Wi-Fi's next era is coming as a compromise on the upcoming 802.11n high-speed wireless networking standard is reportedly just weeks away.
However, experts suggest companies resist the temptation to upgrade to faster equipment before a standard is approved.
According to Ken Dulaney, Gartner vice president of mobile computing, the 802.11n specification will be a major driver of the next generation of Wi-Fi equipment. Using multiple input, multiple output (MIMO) technology, which utilizes numerous antennas in transmitters and receivers, the resulting added bandwidth could boost data transfer rates as high as 500 Mbps.
But a finalized 802.11n standard has been stuck at an impasse because the two groups working with the Institute of Electrical and Electronics Engineers (IEEE) standards group on proposals have yet to agree on key issues, such as channel width and backward compatibility magnitudes.
One camp, TGn Sync, includes Intel Corp., as well as Nortel Networks Ltd., Samsung Electronics Co., Philips Corp. and Panasonic. Rival group WWiSE includes Airgo Networks Inc., Broadcom Corp., Motorola Inc. and Nokia Corp., among others.
At a May 2005 IEEE meeting, despite being the favorite, TGn Sync's proposal failed to win enough support to become the draft 802.11n standard. The IEEE's bylaws subsequently dictated that both groups' proposals be reconsidered.
WWiSE and TGn Sync have since come together to broker a
"What's going to happen is that they're going to resolve to use the best of both," he said. Most likely, users will have optional use of 20 or 40 MHz channels, backwards compatibility with 802.11a, b and g, as well as increased radio sensitivity and other advanced techniques.
Hooman Honary, senior strategic technologist with semiconductor vendor Broadcom Corp. and part of the WWiSE group, said there is an active joint proposal now between WWiSE and TGn Sync alliances with significant support from both groups.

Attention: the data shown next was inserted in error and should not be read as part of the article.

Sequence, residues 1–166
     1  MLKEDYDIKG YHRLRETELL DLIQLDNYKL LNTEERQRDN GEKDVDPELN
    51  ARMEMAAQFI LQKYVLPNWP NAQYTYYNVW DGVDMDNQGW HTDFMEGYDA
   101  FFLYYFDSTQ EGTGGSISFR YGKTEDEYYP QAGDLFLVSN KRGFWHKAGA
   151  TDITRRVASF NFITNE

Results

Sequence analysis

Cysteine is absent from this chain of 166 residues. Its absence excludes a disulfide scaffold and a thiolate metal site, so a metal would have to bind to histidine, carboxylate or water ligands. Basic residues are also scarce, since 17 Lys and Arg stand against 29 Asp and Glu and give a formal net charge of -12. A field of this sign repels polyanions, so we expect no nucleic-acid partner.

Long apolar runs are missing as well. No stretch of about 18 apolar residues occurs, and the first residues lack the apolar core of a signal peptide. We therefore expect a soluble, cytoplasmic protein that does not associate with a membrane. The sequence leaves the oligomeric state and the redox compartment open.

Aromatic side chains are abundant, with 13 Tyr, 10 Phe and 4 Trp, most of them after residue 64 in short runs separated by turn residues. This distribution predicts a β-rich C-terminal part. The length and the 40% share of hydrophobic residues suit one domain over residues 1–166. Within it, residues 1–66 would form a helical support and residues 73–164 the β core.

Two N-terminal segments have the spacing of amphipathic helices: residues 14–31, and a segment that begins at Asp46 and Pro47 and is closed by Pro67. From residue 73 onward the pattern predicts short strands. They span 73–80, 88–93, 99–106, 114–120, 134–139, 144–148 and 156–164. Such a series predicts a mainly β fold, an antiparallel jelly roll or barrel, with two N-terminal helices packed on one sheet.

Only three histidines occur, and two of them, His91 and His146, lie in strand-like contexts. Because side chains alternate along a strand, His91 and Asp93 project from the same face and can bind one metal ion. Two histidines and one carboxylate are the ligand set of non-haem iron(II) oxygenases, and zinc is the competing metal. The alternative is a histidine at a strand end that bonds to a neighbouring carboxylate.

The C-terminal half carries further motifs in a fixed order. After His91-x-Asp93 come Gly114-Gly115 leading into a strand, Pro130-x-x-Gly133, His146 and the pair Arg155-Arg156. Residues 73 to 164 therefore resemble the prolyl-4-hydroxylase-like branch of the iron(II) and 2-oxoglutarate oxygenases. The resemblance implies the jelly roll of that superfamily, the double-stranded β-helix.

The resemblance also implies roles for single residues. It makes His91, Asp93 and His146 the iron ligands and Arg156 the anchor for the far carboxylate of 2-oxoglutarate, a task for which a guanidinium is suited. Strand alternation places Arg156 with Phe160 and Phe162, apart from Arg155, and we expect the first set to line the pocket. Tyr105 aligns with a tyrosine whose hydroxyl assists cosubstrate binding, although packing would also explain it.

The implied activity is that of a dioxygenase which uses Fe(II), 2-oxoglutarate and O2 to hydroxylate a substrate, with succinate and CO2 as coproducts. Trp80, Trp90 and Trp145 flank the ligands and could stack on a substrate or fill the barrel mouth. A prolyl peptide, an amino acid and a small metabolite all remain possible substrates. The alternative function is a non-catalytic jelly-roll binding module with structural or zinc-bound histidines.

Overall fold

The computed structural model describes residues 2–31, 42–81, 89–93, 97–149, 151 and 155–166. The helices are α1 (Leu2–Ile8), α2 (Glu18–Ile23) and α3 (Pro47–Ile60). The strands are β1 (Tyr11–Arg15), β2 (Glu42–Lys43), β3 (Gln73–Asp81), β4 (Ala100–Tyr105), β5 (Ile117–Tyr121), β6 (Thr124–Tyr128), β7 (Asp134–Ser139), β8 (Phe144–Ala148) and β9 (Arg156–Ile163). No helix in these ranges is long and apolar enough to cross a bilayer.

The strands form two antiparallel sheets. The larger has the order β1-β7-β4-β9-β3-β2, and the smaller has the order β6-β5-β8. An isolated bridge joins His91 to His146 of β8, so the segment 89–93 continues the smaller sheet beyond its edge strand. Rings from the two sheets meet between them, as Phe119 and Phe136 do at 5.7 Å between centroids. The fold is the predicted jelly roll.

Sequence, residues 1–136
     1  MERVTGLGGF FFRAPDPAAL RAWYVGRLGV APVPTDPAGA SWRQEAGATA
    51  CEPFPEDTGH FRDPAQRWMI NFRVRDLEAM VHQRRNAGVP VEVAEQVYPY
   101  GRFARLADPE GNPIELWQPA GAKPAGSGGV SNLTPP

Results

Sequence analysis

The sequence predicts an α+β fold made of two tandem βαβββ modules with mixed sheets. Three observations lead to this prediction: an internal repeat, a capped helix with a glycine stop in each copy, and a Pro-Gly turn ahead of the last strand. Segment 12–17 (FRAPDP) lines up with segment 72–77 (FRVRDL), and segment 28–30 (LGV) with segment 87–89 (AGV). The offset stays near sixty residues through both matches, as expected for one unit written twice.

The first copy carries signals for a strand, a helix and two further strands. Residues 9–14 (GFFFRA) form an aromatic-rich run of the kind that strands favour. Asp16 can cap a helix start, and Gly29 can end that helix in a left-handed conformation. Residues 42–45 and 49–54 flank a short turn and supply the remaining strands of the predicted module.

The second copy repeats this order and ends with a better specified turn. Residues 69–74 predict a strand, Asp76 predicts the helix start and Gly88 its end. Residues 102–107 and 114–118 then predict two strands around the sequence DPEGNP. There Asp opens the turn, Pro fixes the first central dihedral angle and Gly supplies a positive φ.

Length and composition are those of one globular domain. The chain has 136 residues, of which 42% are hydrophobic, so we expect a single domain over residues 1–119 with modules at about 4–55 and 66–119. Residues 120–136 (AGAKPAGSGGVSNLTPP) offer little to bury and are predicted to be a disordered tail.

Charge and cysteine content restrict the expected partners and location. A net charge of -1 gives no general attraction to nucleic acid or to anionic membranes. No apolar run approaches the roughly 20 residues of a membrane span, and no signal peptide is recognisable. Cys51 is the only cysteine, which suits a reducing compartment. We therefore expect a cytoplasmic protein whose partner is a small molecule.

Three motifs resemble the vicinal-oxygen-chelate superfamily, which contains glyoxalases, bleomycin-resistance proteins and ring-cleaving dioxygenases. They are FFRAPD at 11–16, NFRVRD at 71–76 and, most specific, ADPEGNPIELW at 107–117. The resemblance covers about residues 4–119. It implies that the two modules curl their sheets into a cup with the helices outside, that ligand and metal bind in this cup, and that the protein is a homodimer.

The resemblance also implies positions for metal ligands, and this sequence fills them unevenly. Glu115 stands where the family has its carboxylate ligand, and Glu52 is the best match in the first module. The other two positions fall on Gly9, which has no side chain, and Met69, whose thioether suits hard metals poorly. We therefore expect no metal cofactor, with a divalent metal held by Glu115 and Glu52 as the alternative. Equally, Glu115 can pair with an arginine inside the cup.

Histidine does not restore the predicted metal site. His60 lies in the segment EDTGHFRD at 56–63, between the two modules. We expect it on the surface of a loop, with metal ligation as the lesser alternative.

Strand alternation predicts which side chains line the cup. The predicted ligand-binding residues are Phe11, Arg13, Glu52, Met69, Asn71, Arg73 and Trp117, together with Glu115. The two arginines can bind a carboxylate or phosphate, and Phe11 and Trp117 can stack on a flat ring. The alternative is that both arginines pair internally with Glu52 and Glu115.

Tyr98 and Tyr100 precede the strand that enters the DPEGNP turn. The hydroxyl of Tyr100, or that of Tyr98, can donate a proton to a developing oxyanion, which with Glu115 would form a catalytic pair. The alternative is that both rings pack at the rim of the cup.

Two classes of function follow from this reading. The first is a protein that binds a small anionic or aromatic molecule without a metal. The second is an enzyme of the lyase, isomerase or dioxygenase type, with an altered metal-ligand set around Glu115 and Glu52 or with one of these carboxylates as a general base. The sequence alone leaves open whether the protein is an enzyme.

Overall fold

He added, "We strongly support a merged proposal and are participating in the joint proposal activity."
Discussions between companies on key technical points is critical to generation of a high-quality draft, Honary said, and he's seeing encouraging signs that companies are talking.
And these discussions will bear fruit. Honary said the joint proposal development and constructive communication between the technical experts will improve the overall quality of the standard and benefit the industry as a whole.
Despite the optimism, it's going to be a while before companies can invest in high-speed Wi-Fi equipment based on an official 802.11n standard.
"I really don't think this will be important for users until 2007," Dulaney said. "It's just going to take that long to put all this together."
Honary advises users to delay Wi-Fi implementations until there is a final standard and interoperability certification available from the Wi-Fi Alliance because without a standard, there is no guarantee of interoperability.
"I'm telling my clients to buy a, b or g access points. Those will easily last for the next three or four years," Dulaney said.
But, he added, organizations should be wary of high-speed "pre-N" gear based on early 802.11n draft specifications. "The term 'pre-N' should be banned from our language."